“People are fed up with the collapse of the country. We eat half the bread now,” said Naziha Krir, 44, a housekeeper who said late last month she had just paid twice what she used to pay for three loaves in a bakery in Tunis.

“The country has gotten worse and worse” under Mr Saied, she added.

Polls show the president is bleeding support, although he remains by far Tunisia’s most trusted leader. This winter was the first in years where mass protests did not rock the country.

Tunisians hesitate between what they consider to be two evils.

“Who can we hold responsible? said Nawres Zoghbu Douzi, 25, a rights activist. “There is no real government, no parliament. Who can you go to now? »

Tunisians generally cite only one achievement of the revolution: freedom of expression. But that too is now under threat.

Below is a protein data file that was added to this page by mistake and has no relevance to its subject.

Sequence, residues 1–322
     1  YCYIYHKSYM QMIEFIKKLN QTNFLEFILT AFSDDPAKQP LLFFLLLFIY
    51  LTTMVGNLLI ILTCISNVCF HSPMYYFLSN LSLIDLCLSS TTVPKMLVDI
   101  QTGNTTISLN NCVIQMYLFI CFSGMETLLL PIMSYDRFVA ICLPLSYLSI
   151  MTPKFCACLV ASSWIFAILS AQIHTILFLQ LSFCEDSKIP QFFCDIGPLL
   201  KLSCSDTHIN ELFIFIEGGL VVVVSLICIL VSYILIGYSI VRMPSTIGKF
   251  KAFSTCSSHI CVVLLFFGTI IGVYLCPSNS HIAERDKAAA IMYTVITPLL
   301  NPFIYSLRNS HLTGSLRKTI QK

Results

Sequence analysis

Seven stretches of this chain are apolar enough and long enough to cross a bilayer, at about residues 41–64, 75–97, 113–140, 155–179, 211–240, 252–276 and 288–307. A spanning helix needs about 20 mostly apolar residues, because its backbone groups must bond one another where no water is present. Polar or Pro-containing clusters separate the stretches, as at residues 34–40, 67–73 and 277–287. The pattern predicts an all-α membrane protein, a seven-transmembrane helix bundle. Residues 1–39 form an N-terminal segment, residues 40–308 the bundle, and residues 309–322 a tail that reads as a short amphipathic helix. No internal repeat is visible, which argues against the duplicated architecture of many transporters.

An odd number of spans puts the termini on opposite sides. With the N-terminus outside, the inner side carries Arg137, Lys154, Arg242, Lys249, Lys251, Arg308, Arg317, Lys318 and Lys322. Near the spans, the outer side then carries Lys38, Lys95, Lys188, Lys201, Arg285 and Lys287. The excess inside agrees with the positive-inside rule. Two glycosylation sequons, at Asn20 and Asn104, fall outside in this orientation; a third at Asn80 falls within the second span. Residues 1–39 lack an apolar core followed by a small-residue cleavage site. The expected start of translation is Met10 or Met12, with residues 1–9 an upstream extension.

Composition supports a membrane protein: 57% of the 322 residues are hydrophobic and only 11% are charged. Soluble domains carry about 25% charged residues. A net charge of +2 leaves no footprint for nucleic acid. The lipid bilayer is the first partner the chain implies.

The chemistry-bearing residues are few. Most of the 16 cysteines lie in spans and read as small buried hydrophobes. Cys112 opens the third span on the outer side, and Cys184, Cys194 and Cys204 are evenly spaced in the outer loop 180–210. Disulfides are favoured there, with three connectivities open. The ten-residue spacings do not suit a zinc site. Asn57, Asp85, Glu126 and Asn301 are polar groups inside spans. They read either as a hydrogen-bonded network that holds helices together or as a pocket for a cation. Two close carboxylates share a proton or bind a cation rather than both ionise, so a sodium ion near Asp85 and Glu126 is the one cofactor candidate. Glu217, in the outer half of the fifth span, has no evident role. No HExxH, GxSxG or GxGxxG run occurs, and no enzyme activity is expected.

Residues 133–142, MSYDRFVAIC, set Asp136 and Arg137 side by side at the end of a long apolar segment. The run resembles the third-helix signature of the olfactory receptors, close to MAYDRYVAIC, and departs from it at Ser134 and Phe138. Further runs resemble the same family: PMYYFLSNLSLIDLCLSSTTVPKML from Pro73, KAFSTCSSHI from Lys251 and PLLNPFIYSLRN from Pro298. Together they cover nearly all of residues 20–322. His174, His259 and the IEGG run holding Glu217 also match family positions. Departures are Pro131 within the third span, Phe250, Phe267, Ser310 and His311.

The country is still a long way from the years of dictatorship, when people were afraid to talk politics even with friends and when a government office dictated the stories of journalists. But opposition voices have almost disappeared from state television. And Tunisian journalists are self-censoring as Mr. Saied attacks the media in his speeches, said Fahem Boukadous, executive director of the journalists’ union.

According to an analysis by Douzi’s organization, the government has increasingly turned to military tribunals to prosecute lawmakers and others for criticizing the president, mounting about twice as many such lawsuits since 25 July than in the entire previous decade.

“In reality, there is no freedom of expression,” said Mohamed Ali Bouchiba, 45, a lawyer who defends people tried in military courts for anti-Saied Facebook posts.

The judges, too, are falling back into the grip of the presidency as Mr. Saied replaces members of the former independent judicial oversight body with his own appointees.